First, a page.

MeditationThis ancient practice can do so much more for your mind and body.

Unless you’ve been living on a desert island, you’ve heard that meditation can help reduce stress. And if a friend or family member hasn’t told you, “You really should try meditating,” you’ve certainly had headlines scream it at you.

Mindfulness may make you calmer and help you better manage stress, for sure. But focusing solely on that benefit is like saying Hamilton is only about a founding father. There’s way more to talk about!

“Meditation has a host of benefits, and there is no such thing as a negative side effect of meditation,” says Myk Likhov, CEO and founder of Modern ŌM.

Check out these seven ways meditation can improve your life—beyond stress relief—and you might start wishing you could get to that desert island so you can practice 100% distraction-free.

It Helps You Make Better Decisions

“Meditation creates a wedge between your awareness and your thoughts,” Likhov explains. “Most of us run around identifying entirely with our thoughts, and so you react. Someone cuts you off, and you mentally curse them out.

“But spending time meditating—where you’re watching your thoughts—helps you realize, ‘I am not my thoughts.’ And that gives you the power to choose how you want to react. So if you miss your flight, you can go crazy—but that’s your thoughts. Do you want to do that? Or, rather than getting riled up, you can get on the phone and determine a plan to solve the problem.”

It Slows the Aging of Your Brain

We all want to maintain a sharp mind as we grow older—something we’re reminded of every time we misplace our phone. Well, meditation may help.

In one study, researchers looked at the brains of 20 adults, particularly the prefrontal cortex. This part of your noggin plays a role in working memory and executive decision making. The scientists paid close attention to the amount of gray matter, which normally shrinks as you age.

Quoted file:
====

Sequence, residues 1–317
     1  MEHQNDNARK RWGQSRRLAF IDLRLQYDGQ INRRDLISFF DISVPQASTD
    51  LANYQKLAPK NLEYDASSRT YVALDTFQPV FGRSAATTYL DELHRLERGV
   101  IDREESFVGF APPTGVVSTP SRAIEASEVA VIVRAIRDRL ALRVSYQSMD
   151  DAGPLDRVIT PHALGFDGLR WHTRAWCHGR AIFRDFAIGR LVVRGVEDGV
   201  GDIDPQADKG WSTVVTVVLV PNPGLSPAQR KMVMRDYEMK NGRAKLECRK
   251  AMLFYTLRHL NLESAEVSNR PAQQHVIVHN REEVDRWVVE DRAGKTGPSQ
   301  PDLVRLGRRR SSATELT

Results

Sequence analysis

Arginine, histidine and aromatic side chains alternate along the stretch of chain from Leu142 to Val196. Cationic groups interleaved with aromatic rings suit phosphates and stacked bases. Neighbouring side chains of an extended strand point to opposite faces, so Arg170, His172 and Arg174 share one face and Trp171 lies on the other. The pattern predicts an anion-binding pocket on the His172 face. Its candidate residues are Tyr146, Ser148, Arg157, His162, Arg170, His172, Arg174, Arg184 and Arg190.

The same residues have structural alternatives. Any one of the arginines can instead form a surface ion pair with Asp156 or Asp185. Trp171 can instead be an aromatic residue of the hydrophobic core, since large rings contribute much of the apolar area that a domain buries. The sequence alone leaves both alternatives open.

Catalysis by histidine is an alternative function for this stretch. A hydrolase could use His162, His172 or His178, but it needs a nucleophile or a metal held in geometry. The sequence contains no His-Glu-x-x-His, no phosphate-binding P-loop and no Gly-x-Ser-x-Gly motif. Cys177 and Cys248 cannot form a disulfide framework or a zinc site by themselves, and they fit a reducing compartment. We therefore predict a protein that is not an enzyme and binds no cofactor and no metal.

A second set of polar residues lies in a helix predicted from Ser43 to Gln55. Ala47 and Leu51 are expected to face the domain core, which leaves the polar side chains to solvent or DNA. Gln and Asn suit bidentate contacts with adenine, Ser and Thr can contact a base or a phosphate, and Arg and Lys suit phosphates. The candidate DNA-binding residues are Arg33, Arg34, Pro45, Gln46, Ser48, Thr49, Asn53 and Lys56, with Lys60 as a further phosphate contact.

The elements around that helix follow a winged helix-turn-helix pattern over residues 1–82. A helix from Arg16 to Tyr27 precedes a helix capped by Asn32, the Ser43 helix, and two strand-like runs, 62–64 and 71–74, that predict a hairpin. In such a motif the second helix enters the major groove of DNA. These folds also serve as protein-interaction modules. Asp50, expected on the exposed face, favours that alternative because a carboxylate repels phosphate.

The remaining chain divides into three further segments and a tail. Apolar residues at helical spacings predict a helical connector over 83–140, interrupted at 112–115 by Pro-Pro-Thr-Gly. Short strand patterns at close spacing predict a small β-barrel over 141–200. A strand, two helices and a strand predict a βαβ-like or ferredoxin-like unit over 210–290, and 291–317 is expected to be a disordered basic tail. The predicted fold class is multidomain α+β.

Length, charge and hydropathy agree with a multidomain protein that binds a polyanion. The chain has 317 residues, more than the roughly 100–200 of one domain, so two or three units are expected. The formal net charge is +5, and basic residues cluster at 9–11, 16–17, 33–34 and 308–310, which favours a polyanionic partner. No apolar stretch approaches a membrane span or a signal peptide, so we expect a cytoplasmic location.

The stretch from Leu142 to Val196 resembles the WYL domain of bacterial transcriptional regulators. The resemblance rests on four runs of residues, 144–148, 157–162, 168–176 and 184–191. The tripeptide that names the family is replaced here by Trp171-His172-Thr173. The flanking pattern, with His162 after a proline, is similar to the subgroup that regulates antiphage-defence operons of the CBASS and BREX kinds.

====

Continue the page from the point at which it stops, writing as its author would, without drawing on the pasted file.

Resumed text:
They discovered that 40- to 50-year-old meditators had the same amount of gray matter as 20- to 30-year-olds did.

It Increases Intelligence and Creativity

That boost in gray matter may also make you more intelligent and creative. Practicing Transcendental Meditation boosted creativity and intelligence in high schoolers. Researchers say the meditation is like a good night’s sleep: Since it makes you more rested, you perform better.

It Fosters a Positive Attitude

“I work with a client who has Parkinson’s disease, and we meditate at the end of our yoga sessions,” says Danielle Karuna, an advanced yoga teacher and co-founder of Provita. “She gets very frustrated with the disease, and meditation helps her feel acceptance and peace for what is. It enables her to shift her attention to the positive and feel gratitude for all the good in her life.”

It Strengthens Your Immunity

You still need to wash your hands during cold and flu season, but meditation may fortify your immune system. In a review of 20 studies, researchers reported that meditating appears to decrease inflammation markers. And meditating may also help your body produce more antibodies to fight off disease, according to a separate study.

The authors of both reports caution that more research is necessary, but since meditating is like eating veggies (never hurts to do it!), it’s just one more reason to take up and keep up the practice.

It Helps You Trust Yourself

“I’ve found that meditation enables me to get out of my own way so that my mind and my ego aren’t running the show,” says Karuna. Science backs this up: After learning meditation and other mindfulness skills, adolescents reported greater self-compassion and life satisfaction. So if you want to be less concerned about FOMO or keeping up with the Joneses, consider meditating.

It Boosts Confidence and Resilience

Meditation’s benefits may even extend to the office since a little reflection time may help you walk into any room like you own it and bounce back from adversity without a scratch. After meditating for 15 minutes twice a day for six months, ninth graders reported greater self-confidence and scored higher on a test measuring resilience.

– By Brittany Risher

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